Contrary to defendants' reasoning, the bankruptcy court in this district has previously held that a defendant's "lack of contacts [with the forum state] is not determinative" and reference to the forum state's long arm statute is inappropriate when jurisdiction is based on a federal statute. Chemical Bank v. S and R Carpetland, Inc. (In re WWG Indus.), 8 C.B.C.2d 589, 590-92 (Bankr.N.D.Ga.1983); see also Chemical Bank v. Grigsby's World of Carpet, Inc. (In re WWG Indus.), 44 B.R. 287 (N.D.Ga.1984); Whitlock v. Worrall (In re American Aluminum Window Corp.), 15 B.R. 803, 809 (Bankr.D.Mass. 1981). The instant adversary proceeding arises under the laws of the United States and is a federal question case with jurisdiction based on a federal statute, as distinguished from a federal diversity case. Courts have further determined that:

    Accordingly, in federal question litigation where Congress has provided for nationwide service of process, there is no due process requirement of `minimal contacts' to justify the exercise of jurisdiction by the federal courts.

    Taylor v. Bear Stearns & Co., 572 F. Supp. 667, 679-80 (N.D.Ga.1983), quoting 2 J. Moore & J. Lucas, Moore's Federal Practice ¶ 4.25[5] (2d ed. 1981); see also Clement v. Pehar, 575 F. Supp. 436, 438-39 (N.D. Ga.1983) (construing 15 U.S.C. Sections 77v(a), 78aa and 18 U.S.C. Section 1965(d)). In addition, it is well settled that Congress may provide for nationwide service of process. See Terry v. Raymond Int'l, Inc., 658 F.2d 398, 402 (5th Cir.1981) (Unit A), cert. denied, 456 U.S. 928, 102 S. Ct. 1975, 72 L. Ed. 2d 443 (1982); Beaulieu v. Electronic Business Systems, 632 F. Supp. 701 (D.Me.1986).

    Based upon the above reasoning and authority, this Court expressly declines to give Insurance Corp. of Ireland, supra, the expansive reading requested by defendants with respect to personal jurisdiction/due process doctrine in the area of nationwide service of process under the *81 Bankruptcy Code. The Court further concludes that personal jurisdiction over the defendants in the above-styled adversary proceeding is proper. Accordingly, defendants' motion to dismiss is DENIED.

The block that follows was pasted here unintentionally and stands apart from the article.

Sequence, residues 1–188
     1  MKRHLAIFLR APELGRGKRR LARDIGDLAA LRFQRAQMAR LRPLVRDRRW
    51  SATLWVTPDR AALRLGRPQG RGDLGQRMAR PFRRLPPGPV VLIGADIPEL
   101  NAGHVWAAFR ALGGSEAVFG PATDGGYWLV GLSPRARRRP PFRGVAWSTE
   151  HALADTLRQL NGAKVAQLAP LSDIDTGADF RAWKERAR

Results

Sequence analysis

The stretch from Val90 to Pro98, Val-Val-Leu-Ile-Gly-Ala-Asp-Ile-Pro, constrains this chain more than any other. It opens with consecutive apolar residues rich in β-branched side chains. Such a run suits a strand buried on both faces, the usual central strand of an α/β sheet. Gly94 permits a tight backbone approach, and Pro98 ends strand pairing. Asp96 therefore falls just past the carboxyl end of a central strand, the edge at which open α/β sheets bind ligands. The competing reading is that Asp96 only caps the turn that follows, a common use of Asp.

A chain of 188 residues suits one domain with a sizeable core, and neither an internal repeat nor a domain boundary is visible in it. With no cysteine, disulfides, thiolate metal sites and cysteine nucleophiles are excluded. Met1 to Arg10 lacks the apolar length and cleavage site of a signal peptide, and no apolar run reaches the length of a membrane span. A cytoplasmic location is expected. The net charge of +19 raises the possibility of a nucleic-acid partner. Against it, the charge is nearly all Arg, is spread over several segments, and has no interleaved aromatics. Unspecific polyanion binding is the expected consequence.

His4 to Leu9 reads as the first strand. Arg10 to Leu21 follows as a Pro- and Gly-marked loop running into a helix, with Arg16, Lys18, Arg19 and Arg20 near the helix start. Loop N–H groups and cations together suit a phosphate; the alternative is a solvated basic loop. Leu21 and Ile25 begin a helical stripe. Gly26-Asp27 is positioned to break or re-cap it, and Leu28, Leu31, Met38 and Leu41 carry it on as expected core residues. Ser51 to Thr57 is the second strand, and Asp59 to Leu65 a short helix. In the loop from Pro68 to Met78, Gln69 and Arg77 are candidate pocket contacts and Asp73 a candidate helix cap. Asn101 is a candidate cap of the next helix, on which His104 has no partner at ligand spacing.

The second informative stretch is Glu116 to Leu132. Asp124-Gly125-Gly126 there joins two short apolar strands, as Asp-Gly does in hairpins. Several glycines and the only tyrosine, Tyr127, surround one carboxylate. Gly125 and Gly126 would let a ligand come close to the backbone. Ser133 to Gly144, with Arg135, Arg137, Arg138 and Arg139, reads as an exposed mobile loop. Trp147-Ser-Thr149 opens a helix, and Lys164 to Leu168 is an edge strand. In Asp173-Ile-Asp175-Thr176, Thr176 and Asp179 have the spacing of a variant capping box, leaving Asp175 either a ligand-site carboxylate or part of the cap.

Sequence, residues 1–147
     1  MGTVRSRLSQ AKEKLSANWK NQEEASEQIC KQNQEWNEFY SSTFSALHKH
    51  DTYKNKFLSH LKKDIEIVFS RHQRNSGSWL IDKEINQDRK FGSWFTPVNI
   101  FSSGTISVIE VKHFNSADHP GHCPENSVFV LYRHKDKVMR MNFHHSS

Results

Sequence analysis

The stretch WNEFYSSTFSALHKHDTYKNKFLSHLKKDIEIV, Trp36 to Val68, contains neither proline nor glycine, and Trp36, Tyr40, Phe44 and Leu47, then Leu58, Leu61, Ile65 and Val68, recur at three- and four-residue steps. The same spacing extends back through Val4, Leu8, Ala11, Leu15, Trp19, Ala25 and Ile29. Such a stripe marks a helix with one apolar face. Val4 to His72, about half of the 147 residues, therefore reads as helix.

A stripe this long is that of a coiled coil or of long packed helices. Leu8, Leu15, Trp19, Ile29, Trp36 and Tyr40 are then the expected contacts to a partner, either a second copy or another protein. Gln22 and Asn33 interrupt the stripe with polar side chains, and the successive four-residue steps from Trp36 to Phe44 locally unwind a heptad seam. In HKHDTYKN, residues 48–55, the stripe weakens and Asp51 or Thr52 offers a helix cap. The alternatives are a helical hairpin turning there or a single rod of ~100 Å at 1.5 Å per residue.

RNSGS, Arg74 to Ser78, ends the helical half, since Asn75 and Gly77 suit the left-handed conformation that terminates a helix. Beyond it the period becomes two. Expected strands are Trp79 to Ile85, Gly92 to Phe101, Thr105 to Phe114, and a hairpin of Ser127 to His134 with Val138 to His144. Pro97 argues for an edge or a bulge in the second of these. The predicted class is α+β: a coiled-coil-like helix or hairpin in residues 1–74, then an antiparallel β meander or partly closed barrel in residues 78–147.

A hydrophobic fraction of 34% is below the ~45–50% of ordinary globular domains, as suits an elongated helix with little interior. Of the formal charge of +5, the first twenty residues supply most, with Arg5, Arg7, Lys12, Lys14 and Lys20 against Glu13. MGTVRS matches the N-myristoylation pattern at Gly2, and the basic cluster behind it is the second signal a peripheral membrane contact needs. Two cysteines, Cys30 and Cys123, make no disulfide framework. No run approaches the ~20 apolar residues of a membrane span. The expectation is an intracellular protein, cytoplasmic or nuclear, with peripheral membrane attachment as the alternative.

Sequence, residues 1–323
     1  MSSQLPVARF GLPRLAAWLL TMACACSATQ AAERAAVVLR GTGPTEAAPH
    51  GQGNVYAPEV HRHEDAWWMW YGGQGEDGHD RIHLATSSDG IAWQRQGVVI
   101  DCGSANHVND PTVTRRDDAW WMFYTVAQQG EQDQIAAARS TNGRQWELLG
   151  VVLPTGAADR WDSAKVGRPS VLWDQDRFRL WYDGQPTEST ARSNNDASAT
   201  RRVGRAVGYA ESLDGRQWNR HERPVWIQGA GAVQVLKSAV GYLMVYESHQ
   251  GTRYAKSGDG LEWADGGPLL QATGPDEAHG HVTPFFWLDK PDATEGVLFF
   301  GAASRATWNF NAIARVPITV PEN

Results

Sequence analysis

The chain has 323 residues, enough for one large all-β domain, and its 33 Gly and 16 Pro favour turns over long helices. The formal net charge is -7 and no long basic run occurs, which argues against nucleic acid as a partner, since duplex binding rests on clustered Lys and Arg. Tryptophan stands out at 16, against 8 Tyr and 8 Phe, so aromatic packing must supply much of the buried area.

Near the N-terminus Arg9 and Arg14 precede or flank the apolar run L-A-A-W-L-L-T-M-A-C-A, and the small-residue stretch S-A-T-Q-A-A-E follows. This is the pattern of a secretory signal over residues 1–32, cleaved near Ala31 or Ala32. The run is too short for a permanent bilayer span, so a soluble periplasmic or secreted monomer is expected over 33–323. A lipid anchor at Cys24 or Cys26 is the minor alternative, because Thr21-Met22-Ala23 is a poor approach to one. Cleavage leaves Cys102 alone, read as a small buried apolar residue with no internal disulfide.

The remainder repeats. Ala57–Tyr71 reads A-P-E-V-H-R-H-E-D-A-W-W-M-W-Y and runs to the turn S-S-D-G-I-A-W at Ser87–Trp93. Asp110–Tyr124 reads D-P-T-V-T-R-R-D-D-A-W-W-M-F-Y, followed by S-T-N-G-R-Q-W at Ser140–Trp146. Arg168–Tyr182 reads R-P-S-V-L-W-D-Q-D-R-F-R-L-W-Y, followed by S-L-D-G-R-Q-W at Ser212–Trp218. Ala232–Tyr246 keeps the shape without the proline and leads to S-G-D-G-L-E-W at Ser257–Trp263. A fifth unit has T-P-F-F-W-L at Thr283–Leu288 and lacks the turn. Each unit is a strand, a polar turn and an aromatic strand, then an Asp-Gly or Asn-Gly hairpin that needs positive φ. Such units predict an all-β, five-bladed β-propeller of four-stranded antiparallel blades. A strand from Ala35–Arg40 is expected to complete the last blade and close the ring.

[1] "No person shall . . . be deprived of life, liberty, or property, without due process of law. . . ." U.S. Const. amend. V.

    [2] Contrary to defendants' arguments, it is not altogether clear that the Supreme Court completely rejected the relevance of federalism concerns as an element of personal jurisdiction doctrine in Insurance Corp. of Ireland. See Crawford, 637 F.Supp. at 109 n. 2; First Fed. Sav. & Loan Ass'n of Pittsburgh v. Oppenheim, Appel, Dixon & Co., 634 F. Supp. 1341 (S.D.N.Y. 1986).

Document Info

DocketNumber: Bankruptcy No. 85-00743A, Adv. No. 86-0507A

Citation Numbers: 69 B.R. 79

Judges: Stacey W. Cotton

Filed Date: 12/24/1986

Precedential Status: Precedential

Modified Date: 4/9/2017

Authorities (14)

Insurance Corp. of Ireland v. Compagnie Des Bauxites De ... , 456 U.S. 694 ( 1982 )

Federal Trade Commission v. Jim Walter Corporation , 651 F.2d 251 ( 1981 )

Fred P. Terry, Cross-Appellant v. Raymond International, ... , 658 F.2d 398 ( 1982 )

Clement v. Pehar , 575 F. Supp. 436 ( 1983 )

GRM v. Equine Inv. and Man. Group , 596 F. Supp. 307 ( 1984 )

First Fed. Sav. & Loan v. Oppenheim, Appel, Dixon & Co. , 634 F. Supp. 1341 ( 1986 )

In Re August , 17 B.R. 628 ( 1982 )

Matter of Baker's Equipment/Winkler, Inc. , 33 B.R. 307 ( 1983 )

In Re WWG Industries, Inc. , 44 B.R. 287 ( 1984 )

In Re American Aluminum Window Corp. , 15 B.R. 803 ( 1981 )

In Re Nixon MacHinery Co. , 15 B.R. 131 ( 1981 )

Beaulieu v. Electronic Business Systems , 632 F. Supp. 701 ( 1986 )

Taylor v. Bear Stearns & Co. , 572 F. Supp. 667 ( 1983 )

Crawford v. Glenns, Inc. , 637 F. Supp. 107 ( 1986 )